Researchers and practitioners usually consider that integrating customers in firms’ business models comes with positive consequences. However, customer integration may also detrimentally influence firms by limiting their strategic and operational latitude, which, in this context, refers to the degree of freedom companies possess over their strategic and operational decisions and actions. Being aware of that would enable companies to limit this potentially harmful influence.
This is a conceptual paper that relies on recent business cases. It is suggested that the negative influence of customers on firms’ latitude occurs through the three dimensions of their business model, namely, resources and competences, value propositions (i.e. the firm’s offer) and the organization.
By influencing the use of resources and competences, the design and evolution of the value proposition or the functioning of the organization, customers may constrain firms’ strategic and operational moves and thus have detrimental effects on their performance and evolution. Three ways to counterbalance this potentially negative influence are proposed.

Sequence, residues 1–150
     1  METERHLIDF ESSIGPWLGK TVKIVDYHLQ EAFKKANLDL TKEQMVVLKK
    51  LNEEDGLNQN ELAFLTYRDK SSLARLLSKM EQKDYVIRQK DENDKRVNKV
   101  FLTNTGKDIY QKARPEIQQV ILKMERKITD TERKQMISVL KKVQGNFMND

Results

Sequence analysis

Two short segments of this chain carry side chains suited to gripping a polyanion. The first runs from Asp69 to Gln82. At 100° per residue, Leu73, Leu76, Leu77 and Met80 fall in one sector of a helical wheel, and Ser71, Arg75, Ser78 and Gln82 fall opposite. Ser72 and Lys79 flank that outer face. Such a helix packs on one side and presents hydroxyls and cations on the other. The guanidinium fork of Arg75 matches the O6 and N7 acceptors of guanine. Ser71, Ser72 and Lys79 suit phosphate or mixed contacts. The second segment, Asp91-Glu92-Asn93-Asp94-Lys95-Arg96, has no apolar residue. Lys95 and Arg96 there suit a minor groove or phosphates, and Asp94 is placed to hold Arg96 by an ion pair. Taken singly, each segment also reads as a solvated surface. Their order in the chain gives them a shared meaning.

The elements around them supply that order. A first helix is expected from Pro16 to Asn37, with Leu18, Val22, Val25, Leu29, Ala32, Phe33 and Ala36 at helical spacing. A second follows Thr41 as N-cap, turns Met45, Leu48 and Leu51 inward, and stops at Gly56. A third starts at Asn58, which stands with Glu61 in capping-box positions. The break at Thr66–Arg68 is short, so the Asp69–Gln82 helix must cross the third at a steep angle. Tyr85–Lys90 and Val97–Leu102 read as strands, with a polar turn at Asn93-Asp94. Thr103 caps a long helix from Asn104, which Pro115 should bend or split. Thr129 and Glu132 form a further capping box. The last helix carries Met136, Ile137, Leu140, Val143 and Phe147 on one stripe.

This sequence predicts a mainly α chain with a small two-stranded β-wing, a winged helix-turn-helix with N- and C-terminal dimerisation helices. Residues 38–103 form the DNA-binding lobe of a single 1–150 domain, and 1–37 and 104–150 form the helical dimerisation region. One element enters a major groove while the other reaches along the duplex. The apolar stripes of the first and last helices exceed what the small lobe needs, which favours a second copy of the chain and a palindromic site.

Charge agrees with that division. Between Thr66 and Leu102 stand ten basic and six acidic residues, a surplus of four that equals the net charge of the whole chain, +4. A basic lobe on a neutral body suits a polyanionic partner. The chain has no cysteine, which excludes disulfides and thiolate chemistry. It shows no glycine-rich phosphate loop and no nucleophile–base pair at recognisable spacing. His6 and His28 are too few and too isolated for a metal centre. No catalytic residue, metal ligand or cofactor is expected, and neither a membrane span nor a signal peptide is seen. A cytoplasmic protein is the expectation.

A lack of prior research on the negative side effects of customer integration in firms’ business models is emphasized. Further studies are needed to help firms take these into consideration.
Being aware of the potential drawbacks associated with using customers as resources, firms are invited to balance the level of their strategic and operational latitude with the importance that they grant to their customers.
This paper introduces the concept of strategic and operational latitude. It is also one of the few to highlight the negative consequences of customer integration in firms’ business models.
CitationDownload as .RIS
Emerald Group Publishing Limited
Copyright © 2015, Emerald Group Publishing Limited